Wagner endorsed for test team pace attack
Neil Wagner should play in the first test against England in Dunedin starting on Wednesday in a four-pronged pace attack, says former national coach Warren Lees.
Lees provided commentary at the four-day warmup game with England in Queenstown which finished on Saturday. The New Zealand XI had a surprise three-wicket win, with Wagner producing match figures of 6-154 from 45.2 overs.
Wagner, who also scored 11no and 28no in the match, won the unofficial trial for the 13th spot in the Black Caps' initial test squad. "I was really impressed with him," Lees said. "It was a difficult pitch for him to bowl on but one thing about Wagner - out of all the players on show in Queenstown, he probably gave the biggest effort.
"He charged in on the last ball of the day like most people charge in on the first ball. He gives 100 per cent; he's desperate to be in this test team and he's showed, I reckon, that he was the player that wanted to perform more than anyone else."
Common sense would suggest the only tough decision the Black Caps' management - who like the players arrived in Dunedin last night - have to make is whether to play Auckland spinner Bruce Martin or Wagner.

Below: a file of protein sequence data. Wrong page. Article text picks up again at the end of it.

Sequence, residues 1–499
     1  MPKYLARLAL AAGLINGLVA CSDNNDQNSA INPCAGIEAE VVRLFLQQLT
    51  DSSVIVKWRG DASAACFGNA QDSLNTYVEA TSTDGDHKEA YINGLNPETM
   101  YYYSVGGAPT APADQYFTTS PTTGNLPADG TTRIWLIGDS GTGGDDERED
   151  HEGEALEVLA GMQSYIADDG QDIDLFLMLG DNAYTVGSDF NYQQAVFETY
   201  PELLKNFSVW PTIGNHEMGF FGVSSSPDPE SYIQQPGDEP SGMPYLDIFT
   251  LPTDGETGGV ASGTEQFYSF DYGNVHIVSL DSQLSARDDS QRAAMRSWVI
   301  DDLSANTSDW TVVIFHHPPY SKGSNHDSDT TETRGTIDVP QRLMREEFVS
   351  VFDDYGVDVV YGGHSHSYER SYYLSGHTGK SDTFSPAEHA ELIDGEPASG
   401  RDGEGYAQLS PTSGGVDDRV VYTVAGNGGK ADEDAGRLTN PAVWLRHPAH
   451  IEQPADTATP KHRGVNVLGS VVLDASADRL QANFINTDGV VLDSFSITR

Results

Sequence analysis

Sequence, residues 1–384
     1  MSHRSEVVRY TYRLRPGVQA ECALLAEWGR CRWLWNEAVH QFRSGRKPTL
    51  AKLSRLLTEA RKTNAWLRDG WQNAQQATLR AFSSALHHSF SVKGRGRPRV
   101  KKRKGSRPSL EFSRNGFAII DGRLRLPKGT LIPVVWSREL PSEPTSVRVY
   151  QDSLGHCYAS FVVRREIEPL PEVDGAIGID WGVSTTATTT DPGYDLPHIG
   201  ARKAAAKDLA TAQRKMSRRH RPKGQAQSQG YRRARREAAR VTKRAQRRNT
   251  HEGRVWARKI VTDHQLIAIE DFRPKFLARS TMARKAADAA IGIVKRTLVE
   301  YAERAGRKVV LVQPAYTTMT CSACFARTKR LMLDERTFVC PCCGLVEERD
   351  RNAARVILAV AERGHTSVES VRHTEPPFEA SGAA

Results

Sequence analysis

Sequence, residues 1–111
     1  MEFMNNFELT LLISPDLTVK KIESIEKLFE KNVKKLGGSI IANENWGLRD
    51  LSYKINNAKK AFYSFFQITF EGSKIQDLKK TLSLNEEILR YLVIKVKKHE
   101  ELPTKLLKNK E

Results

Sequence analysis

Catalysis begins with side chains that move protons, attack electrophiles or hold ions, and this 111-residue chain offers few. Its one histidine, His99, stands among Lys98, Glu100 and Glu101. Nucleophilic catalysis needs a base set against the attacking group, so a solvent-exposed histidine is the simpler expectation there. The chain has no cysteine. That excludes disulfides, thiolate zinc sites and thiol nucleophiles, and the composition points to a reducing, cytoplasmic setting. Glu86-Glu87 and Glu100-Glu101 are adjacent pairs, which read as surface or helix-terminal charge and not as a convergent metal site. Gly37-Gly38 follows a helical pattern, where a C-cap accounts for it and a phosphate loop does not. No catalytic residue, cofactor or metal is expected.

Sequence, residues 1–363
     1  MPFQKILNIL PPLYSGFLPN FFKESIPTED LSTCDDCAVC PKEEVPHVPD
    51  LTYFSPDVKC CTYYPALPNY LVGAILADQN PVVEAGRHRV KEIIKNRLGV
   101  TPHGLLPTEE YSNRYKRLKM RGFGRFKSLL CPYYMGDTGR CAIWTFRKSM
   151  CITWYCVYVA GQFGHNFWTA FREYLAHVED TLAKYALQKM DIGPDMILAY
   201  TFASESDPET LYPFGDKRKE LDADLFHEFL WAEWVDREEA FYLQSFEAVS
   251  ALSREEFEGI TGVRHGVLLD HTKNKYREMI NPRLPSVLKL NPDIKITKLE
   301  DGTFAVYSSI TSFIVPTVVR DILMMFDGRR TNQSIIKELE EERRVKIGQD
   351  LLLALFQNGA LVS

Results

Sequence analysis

Wagner hasn't overtaken Doug Bracewell, Trent Boult or Tim Southee in the quick bowling pecking order and would play in the quick bowling trio only if there was an injury.
With the short straight boundaries at Dunedin's University Oval and the wicket expected to be seamer-friendly, Lees wasn't convinced playing Martin just for the sake of it made sense.
"There's no rule that says you have to play a spin bowler in a test match," he said.
The New Zealand XI win filled Lees with confidence and the 60-year-old said it should do the same for the Black Caps.
"I don't know that I've been this excited about a test match in 10 years.
"I've got a feeling from what I saw in Queenstown that not all is lost with New Zealand Cricket.
"I know they've been through some traumas recently, and there were some dreadful mistakes made, but I think they're going to come out the other side."